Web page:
I remember his shoes in the grass.

The Miami-Dade traffic homicide detective had come to deliver the worst news of my life. My 16-year-old daughter, Helen Marie, was rollerblading on a bike path a few blocks from home when a teen driver, high on marijuana and drunk on tequila, ran off the road and killed her.

When she hadn’t come home that June night, my husband had gone to look for her.

Now he was back. With a detective. Without Helen Marie. I ran through the grass, screaming.

I already knew what the officer was about to say. I could not look up. It was too heavy.

So I screamed at his shoes.

What courage it must have taken. To tell a mother her child was dead. What compassion he showed.

A few years later, I met the officer again. Mothers Against Drunk Driving had given me a platform for my grief. It started at a police roll call, just more than a year after Helen Marie’s death, where I was asked to stand up and tell my story. I began attending sobriety checkpoints, bringing the cookies my daughter loved to bake. And I went into schools, where I tried to reach teenagers who might be faced with the choice to drink alcohol — and get behind the wheel.

The officer’s name was David Greenwell, and he was on a similar mission. When he told me his name that day at the school, I asked to see his shoes. It was the only thing I could remember about him.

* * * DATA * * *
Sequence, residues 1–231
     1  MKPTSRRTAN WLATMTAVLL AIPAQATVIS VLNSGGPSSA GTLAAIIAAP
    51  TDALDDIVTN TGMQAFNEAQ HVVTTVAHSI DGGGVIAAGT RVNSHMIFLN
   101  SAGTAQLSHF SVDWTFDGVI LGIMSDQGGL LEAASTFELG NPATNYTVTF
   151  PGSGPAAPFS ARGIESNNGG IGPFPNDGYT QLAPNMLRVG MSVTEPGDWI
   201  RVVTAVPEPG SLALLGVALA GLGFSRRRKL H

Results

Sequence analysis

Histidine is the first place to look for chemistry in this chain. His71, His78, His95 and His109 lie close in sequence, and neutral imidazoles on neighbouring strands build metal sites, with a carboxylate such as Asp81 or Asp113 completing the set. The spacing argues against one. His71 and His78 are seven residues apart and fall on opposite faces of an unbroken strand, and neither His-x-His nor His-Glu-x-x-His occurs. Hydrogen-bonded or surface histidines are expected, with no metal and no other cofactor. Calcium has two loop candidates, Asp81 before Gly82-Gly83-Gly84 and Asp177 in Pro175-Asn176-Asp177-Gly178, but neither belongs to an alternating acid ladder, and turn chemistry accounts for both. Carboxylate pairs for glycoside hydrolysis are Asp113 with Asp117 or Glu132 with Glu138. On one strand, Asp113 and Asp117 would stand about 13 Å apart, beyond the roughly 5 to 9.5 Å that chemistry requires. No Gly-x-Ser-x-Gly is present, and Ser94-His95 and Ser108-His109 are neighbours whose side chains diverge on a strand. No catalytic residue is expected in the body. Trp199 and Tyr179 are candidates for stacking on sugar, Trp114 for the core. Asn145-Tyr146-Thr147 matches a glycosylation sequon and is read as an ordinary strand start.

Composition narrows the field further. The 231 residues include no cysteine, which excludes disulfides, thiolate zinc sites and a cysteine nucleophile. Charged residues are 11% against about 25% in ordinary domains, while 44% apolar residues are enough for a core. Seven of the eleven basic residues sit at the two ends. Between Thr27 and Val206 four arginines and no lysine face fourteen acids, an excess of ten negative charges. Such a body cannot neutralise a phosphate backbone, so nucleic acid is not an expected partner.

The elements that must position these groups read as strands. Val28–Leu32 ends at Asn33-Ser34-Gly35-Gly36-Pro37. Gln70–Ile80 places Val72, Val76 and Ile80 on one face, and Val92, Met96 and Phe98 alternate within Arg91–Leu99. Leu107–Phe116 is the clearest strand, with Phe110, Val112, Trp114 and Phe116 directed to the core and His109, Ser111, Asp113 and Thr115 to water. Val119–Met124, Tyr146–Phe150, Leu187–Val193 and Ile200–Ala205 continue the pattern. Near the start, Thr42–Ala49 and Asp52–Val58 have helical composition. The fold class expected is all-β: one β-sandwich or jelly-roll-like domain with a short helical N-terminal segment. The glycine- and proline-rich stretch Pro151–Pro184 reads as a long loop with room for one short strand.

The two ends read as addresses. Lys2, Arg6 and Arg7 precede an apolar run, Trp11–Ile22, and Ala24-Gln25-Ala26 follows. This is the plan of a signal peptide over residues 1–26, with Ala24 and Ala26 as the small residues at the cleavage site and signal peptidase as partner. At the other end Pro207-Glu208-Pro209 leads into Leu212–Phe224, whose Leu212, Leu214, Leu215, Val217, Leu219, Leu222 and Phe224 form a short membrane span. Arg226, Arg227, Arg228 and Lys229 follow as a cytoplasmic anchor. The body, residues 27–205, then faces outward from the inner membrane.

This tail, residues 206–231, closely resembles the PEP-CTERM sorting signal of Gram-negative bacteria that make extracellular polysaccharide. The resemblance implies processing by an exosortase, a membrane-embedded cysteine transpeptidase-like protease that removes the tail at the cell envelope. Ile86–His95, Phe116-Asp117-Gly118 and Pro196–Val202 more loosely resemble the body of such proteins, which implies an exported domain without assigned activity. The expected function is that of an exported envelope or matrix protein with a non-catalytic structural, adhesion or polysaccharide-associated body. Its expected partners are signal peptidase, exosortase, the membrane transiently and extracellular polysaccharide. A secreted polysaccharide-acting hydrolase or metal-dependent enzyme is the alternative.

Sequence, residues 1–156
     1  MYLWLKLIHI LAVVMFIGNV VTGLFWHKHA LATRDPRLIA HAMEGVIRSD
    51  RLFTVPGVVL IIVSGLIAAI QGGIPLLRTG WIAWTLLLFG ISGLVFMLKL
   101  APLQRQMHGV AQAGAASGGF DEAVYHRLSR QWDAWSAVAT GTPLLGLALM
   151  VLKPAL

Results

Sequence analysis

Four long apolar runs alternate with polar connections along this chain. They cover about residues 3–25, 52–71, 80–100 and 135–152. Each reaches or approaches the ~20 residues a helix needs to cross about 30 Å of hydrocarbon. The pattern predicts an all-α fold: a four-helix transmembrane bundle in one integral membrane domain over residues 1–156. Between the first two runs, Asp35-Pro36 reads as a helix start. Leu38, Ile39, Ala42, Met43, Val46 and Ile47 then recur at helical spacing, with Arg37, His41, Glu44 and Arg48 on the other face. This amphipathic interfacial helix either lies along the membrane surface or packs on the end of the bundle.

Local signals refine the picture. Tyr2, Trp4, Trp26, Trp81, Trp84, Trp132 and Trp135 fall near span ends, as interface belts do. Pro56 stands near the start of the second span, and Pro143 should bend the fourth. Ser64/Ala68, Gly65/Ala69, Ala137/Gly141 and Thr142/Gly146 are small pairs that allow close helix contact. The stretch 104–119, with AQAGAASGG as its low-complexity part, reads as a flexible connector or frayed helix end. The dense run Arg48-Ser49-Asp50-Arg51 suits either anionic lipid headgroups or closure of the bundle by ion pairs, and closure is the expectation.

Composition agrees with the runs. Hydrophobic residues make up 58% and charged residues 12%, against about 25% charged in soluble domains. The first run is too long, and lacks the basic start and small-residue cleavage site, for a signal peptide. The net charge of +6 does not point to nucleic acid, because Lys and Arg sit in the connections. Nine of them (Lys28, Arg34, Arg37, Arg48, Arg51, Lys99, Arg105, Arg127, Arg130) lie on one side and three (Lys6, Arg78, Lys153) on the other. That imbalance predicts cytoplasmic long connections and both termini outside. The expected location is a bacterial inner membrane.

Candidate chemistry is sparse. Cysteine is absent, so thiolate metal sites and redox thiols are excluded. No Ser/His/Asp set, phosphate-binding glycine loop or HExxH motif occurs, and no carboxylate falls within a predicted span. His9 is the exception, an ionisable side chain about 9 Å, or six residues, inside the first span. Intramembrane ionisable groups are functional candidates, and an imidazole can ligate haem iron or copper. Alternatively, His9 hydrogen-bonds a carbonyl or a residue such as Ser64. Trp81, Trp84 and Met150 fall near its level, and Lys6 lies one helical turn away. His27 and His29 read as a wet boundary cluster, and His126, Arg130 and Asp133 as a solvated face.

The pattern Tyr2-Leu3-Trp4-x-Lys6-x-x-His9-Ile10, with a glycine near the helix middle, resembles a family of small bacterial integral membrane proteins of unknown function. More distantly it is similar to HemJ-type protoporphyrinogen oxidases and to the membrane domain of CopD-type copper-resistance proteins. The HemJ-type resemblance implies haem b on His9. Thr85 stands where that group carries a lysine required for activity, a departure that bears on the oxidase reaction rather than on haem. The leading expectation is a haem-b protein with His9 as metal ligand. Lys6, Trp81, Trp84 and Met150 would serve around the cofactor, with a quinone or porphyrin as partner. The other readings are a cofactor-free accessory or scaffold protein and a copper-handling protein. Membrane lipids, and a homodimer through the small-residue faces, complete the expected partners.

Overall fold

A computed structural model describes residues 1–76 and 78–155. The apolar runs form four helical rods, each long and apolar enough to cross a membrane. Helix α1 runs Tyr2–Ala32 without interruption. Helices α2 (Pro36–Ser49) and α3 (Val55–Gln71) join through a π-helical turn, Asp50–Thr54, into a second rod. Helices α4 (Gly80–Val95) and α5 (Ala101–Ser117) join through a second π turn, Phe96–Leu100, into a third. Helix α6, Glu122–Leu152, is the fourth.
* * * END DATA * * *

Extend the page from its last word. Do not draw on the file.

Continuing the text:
He lifted his heel. We remain friends to this day, just like so many of the law enforcement officers I have met on this journey. He is an avid supporter of MADD, and I still call on him.

Before Helen Marie was killed, I did not truly understand the vital role law enforcement plays in our fight to end this crime. Now I do. You are the tip of the spear. Your work changes lives. It saves lives.

A person drives drunk an average of at least 80 times before their first DUI arrest, according to the Centers for Disease Control and Prevention. When you take a drunk driver off the road, you are taking away their potential to injure or kill. You are ensuring that one more person makes it home. That one more family, one more community, is spared the devastation that this crime inflicts. And you are doing it at great personal risk. The sobriety checkpoints and saturation patrols you perform act as a deterrent not to just drunk driving but to all crimes.

We could not perform our mission without you. On behalf of MADD and myself, thank you. We are here to support you. Just like you support us every day.


Helen Witty